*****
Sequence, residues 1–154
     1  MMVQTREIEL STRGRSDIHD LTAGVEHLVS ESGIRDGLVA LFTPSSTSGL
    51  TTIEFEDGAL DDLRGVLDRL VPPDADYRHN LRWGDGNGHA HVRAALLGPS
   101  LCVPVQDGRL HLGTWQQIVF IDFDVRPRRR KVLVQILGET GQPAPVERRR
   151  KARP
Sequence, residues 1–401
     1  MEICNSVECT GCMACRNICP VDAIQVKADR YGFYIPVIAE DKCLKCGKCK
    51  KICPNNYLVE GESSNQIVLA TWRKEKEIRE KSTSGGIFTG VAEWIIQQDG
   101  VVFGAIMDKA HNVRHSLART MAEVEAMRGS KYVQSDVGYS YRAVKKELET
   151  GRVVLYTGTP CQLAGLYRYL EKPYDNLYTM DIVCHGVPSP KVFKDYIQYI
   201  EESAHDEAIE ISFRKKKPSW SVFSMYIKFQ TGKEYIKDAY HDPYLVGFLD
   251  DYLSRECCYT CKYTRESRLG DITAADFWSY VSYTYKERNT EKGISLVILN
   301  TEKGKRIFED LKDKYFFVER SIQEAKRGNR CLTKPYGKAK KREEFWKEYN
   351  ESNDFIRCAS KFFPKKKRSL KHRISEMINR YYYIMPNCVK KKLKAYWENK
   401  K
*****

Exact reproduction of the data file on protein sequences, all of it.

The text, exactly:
Sequence, residues 1–154
     1  MMVQTREIEL STRGRSDIHD LTAGVEHLVS ESGIRDGLVA LFTPSSTSGL
    51  TTIEFEDGAL DDLRGVLDRL VPPDADYRHN LRWGDGNGHA HVRAALLGPS
   101  LCVPVQDGRL HLGTWQQIVF IDFDVRPRRR KVLVQILGET GQPAPVERRR
   151  KARP
Sequence, residues 1–401
     1  MEICNSVECT GCMACRNICP VDAIQVKADR YGFYIPVIAE DKCLKCGKCK
    51  KICPNNYLVE GESSNQIVLA TWRKEKEIRE KSTSGGIFTG VAEWIIQQDG
   101  VVFGAIMDKA HNVRHSLART MAEVEAMRGS KYVQSDVGYS YRAVKKELET
   151  GRVVLYTGTP CQLAGLYRYL EKPYDNLYTM DIVCHGVPSP KVFKDYIQYI
   201  EESAHDEAIE ISFRKKKPSW SVFSMYIKFQ TGKEYIKDAY HDPYLVGFLD
   251  DYLSRECCYT CKYTRESRLG DITAADFWSY VSYTYKERNT EKGISLVILN
   301  TEKGKRIFED LKDKYFFVER SIQEAKRGNR CLTKPYGKAK KREEFWKEYN
   351  ESNDFIRCAS KFFPKKKRSL KHRISEMINR YYYIMPNCVK KKLKAYWENK
   401  K